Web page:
One day in early September last year, I was sitting in a Huntington restaurant enjoying breakfast with friends. It was the first day of school, but for the first time in 30 years, I was not in a classroom. I had retired from teaching the previous June.
As I looked out the diner window, I realized I had a time-management concern. My eyes were drawn to a huge clock. It was 9:25. I turned to Barbara Denis, a fellow second-grade retiree from the Flower Hill Primary School in Huntington.
“Right now, the kids are getting off of the bus and walking into the classroom,” I said.
She smiled, took a picture of the clock with her cellphone and texted it to a third Flower Hill second-grade retiree, Suzanne Proimos.
I thought to myself, “It’s 9:25! Do you know where your students are?”
When the three of us retired together the previous June, we wore T-shirts I ordered with the words, “Retirement! It’s about time!”
For the rest of the year, it seemed as though I had an internal school bell ringing as a reminder of significant events throughout the day:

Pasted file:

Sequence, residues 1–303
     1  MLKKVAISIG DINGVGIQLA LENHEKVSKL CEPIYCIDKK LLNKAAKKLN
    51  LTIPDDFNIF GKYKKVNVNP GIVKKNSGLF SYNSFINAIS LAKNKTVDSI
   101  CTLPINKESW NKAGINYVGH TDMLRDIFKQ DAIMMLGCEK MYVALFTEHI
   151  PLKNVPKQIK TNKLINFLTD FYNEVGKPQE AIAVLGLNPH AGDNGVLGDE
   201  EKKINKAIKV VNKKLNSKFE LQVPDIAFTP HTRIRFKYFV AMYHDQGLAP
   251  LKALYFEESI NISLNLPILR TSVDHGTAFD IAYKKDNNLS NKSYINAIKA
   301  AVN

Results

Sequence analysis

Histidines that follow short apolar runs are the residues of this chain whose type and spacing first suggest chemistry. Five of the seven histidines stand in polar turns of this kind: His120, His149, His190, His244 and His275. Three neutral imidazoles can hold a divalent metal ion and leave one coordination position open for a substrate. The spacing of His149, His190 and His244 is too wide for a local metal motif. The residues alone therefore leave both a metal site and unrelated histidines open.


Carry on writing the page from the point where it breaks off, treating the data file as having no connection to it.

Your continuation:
3:25: Wow! Time for dismissal already?
All year, I found myself nostalgic for events on the school calendar. Barbara or Suzanne would announce in a text, “Tomorrow is Harvest Day!”
Or I’d let them know, “I’m going to miss the sing-a-long hayride!”
Other occasions elicited a different reaction, one of a great burden having been lifted.
“Report cards are due tomorrow!” was one text sent to me, accompanied by a large smile emoji.
“No report cards! No regrets!” I said to myself, quite relieved.
Perhaps that’s why some of my colleagues insist that the two best things about retirement are Sunday nights and Monday mornings.
However, while I don’t miss 8 a.m. staff meetings on a Monday, I do still miss those “Eureka!” moments when a student smiles broadly with the satisfaction of having understood a new concept — perhaps that two-fourths and one-half are the same. “I get it!” they’d shout.
Retirement didn’t mean a complete break from school, though. In June, I put on my popular SpongeBob necktie for Flower Hill’s “moving up” ceremony in the gymnasium, which was adorned with colorful balloons and Class of 2019 decorations.
As Suzanne watched the excited third-grade graduates step up to receive their certificates, she confessed, “I feel a bit melancholy.”
Barbara and I agreed. The students beamed with pride as their happy families looked on, photographing the special moments. The three of us felt fortunate to have been able to witness this occasion, even though we’d been retired for almost a year.
Finally, I joined staff members as they waved goodbye to kids on the school buses.
There were tears in the eyes of young and old. A successful school year had concluded, and many were planning for a relaxing summer with the same thought: It’s about time!
Reader Jim Lauter lives in Huntington.